Repeated sprint training under hypoxia improves aerobic performance and repeated sprint ability by enhancing muscle deoxygenation and markers of angiogenesis in rugby sevens


Objective To evaluate the effects of repeated sprint (RS) training in hypoxia on aerobic performance, repeated sprint ability (RSA), and muscle oxygenation in Rugby Sevens. Methods Fourteen Rugby Sevens players were randomly allocated into hypoxic (RSH, FIO2 = 14.5%, n = 7) or normoxic (RSN, FIO2 = 20.9%, n = 7) groups. Both groups underwent RS training consisting of 3 sets of 6-s × 10 sprints at 140% of velocity at peak oxygen uptake (vVO2peak) on a motorized treadmill, 3 days/week for 6 weeks in addition to usual training. Hematological variables, hypoxia-inducible factor-1 alpha (HIF-1α), and vascular endothelial growth factor (VEGF) concentrations were measured. Aerobic performance, RSA, and muscle oxygenation during the running-based anaerobic sprint (RAS) test were analyzed. Results RSH caused no changes in hemoglobin concentration and hematocrit but significant improvements in VO2peak (7.5%, p = 0.03, ES = 1.07), time to exhaustion (17.6%, p = 0.05, ES = 0.92), and fatigue index (FI, − 12.3%, p = 0.01, ES = 1.39) during the RSA test compared to baseline but not RSN. While ∆deoxygenated hemoglobin was significantly increased both after RSH and RSN (p textless 0.05), ∆tissue saturation index (− 56.1%, p = 0.01, ES = 1.35) and ∆oxygenated hemoglobin (− 54.7%, p = 0.04, ES = 0.97) were significantly decreased after RSH. These changes were concomitant with increased levels of HIF-1α and VEGF in serum after RSH with a strong negative correlation between ∆FI and ∆deoxygenated hemoglobin after RSH (r = − 0.81, p = 0.03). Conclusion There was minimal benefit from adding RSH to standard Rugby Sevens training, in eliciting improvements in aerobic performance and resistance to fatigue, possibly by enhanced muscle deoxygenation and increased serum HIF-1α and VEGF concentrations.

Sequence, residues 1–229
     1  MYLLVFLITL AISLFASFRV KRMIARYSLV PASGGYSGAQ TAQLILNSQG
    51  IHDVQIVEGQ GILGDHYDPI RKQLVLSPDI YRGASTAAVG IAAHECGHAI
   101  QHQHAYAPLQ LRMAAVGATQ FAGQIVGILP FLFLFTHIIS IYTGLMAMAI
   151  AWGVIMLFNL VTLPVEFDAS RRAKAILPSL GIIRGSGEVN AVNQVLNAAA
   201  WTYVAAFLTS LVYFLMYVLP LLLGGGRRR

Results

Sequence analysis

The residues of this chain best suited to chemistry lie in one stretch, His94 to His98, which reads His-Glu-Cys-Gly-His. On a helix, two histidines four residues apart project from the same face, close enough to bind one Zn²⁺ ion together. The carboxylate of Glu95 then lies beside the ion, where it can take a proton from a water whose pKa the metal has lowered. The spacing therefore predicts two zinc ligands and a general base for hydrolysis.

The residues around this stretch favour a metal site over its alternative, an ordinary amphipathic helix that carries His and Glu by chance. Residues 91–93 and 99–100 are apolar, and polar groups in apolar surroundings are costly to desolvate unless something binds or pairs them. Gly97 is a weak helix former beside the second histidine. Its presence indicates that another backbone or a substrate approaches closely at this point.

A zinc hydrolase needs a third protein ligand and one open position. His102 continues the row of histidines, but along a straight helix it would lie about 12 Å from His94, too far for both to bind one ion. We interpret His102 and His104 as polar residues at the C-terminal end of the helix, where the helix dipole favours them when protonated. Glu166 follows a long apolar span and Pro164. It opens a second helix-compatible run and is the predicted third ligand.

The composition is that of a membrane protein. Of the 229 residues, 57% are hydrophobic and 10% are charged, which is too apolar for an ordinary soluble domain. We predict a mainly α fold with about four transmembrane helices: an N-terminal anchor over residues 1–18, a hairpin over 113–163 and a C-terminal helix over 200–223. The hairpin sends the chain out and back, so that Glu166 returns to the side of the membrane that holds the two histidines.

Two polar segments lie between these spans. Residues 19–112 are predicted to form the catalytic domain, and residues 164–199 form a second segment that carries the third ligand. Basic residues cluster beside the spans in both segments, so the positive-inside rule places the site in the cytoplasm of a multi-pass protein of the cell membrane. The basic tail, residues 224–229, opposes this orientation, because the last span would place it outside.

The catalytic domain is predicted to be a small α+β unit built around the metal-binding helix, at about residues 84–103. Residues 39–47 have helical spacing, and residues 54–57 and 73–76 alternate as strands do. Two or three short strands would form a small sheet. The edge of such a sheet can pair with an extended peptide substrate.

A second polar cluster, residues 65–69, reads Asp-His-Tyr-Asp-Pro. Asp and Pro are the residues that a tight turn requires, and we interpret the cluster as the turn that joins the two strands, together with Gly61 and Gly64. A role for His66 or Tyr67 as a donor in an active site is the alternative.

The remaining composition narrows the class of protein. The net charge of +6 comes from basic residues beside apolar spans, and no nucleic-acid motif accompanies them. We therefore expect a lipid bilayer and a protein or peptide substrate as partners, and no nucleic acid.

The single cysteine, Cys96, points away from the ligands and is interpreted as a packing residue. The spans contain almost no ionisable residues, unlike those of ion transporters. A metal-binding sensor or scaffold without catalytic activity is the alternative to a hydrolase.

European Journal of Applied Physiology